Why has the IGG not released report on Bagyenda inquiry?

Inspector General of Government (IGG) Justice Irene Mulyagonja under immense pressure of fighting corruption in the country and to restore the lost confidence and trust in the inspectorate.

By Kagenyi Lukka

KAMPALA-The boiled frog syndrome introduces us to two dichotomies on how to react to different situations. A frog placed in lukewarm water will eventually die as water boils because it is used to this kind of water.

On the other hand, a frog suddenly thrown into boiling water will quickly jump out in order to save its dear life. This is because in the latter case, the threat and danger are realized on the spot as opposed to the former.

Uganda’s embattled Inspector General of Government (IGG), Irene Mulyagonja finds herself in a situation related to the narrative of the frog that suddenly jumps out of boiling water.

The IGG has been under immense pressure from all the corners that are interested seeing a corruption free society; from religious leaders, civil society, non-governmental organizations among many.

And the Head of State added salt in the wound when he publicly lambasted Mulyagonja for not protecting the public and more so, Investors from the corrupt officials.

This was during this year’s state of the nation address on June 6th 2018.

The president’s remarks about the IGG were bilateral welcomed. And it is widely perceived that the creation of the James Tweheyo led corruption monitoring team will incessantly keep the Inspectorate in check, and will restore the lost confidence and trust in the inspectorate.

The remarks by the president came on the heels of public outrage following the IGG’s failure to finish the probe into the outrageous wealth of Justine Bagyenda, the former executive director for commercial bank supervision at BoU who is also widely perceived to be Mulyagonja’s close confidant.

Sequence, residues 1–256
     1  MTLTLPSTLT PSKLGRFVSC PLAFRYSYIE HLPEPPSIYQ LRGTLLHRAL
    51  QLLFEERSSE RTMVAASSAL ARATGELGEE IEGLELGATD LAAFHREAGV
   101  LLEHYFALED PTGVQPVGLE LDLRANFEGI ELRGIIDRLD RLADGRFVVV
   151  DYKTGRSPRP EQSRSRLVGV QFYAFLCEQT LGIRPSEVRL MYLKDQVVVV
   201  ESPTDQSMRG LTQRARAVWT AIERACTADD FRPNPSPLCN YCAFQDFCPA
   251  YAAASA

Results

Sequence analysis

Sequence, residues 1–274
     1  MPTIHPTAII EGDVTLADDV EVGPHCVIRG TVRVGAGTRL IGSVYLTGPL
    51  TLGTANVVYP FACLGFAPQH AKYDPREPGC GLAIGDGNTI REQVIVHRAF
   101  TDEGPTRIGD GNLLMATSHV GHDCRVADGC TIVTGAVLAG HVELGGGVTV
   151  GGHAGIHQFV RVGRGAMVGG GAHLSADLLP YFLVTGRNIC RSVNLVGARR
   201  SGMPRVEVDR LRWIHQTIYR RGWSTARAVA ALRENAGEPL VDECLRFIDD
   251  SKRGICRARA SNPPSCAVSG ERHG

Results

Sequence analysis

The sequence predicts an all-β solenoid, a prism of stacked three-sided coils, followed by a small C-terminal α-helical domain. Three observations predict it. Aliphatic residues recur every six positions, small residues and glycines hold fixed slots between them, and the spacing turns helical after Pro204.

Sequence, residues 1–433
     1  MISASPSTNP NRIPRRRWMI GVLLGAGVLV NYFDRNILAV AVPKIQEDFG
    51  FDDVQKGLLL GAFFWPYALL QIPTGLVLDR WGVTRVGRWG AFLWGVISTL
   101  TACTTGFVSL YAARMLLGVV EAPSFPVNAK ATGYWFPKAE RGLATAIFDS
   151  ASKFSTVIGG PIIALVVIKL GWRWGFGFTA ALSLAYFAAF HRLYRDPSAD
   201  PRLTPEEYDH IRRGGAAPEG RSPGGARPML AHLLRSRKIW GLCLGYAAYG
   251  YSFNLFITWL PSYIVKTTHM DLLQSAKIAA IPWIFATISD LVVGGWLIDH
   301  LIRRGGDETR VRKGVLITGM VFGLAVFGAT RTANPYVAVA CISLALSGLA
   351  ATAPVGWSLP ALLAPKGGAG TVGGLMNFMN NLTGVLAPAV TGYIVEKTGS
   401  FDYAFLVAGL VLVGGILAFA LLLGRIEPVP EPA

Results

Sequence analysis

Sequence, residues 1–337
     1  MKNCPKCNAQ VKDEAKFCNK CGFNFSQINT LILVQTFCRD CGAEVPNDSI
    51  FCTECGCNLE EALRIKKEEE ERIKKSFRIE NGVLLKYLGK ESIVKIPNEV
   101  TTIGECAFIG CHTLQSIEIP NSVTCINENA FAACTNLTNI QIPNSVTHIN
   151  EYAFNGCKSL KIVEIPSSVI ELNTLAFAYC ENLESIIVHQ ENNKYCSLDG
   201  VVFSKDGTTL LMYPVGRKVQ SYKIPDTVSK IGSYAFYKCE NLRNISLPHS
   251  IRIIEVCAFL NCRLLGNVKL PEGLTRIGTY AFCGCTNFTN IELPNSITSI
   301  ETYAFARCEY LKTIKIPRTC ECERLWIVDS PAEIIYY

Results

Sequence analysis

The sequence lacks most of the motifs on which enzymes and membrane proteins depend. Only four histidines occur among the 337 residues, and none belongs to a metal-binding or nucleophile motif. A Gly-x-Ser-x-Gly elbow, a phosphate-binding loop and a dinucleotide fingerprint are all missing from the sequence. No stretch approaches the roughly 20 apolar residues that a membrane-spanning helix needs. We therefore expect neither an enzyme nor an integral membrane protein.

Justine Bagyenda whose leaked bank accounts indicate that she had accumulated over Uganda shillings 18 billion with in a space of only six years evoked public outcry as to how she could have managed to do this despite having a gross salary of less than Shs 30Million per month.

Also revealed were properties in upscale suburbs in Kampala and Western Uganda.

As it is well known that we are all legally and morally obliged to fight corruption and other forms of misuse of public offices and resources, a whistleblower/concerned citizen petitioned the Inspectorate on 20th February 2018 to carry out an investigation into Bagyenda’s illicit wealth.

While the IGG was quick to react and earlier reports had indicated that Bagyenda was grilled on Monday 19th 2018, there was less mention of what happened thereafter until fresh pressure emerged in May 2018 when a group of youths petitioned the prime minister accusing the IGG of bungling the investigation.

Like in the boiled frog syndrome that I earlier explained. The IGG was quick to come out, issued a litany of statements that came close to averring that the famous probe was done and that, she was to hand over the much awaited report to the president and the Parliamentary committee on State Authorities and State Enterprises (COSASE).

Mulyagonja was quoted by the Daily Monitor of 11th June 2018 saying “We welcome any other authority that can verify Bagyenda’s assets. We shall hand over the declarations so that authority does the verification so the public stops accusing me of being friends with this woman. I don’t know where they trace me being a friend of Bagyenda. I came to know Justine Bagyenda as director of bank supervision about two years ago. Before that, I didn’t know this woman”.

Now more than a month after her pronouncement, the public is yet to receive news that the report was released. And finally, one can ask, Was Ms. Mulyagonja trying to shrug off public pressure by this kind of reaction?

Kagenyi Lukka is an Aspiring MP, Ikiiki Constituency, Budaka.






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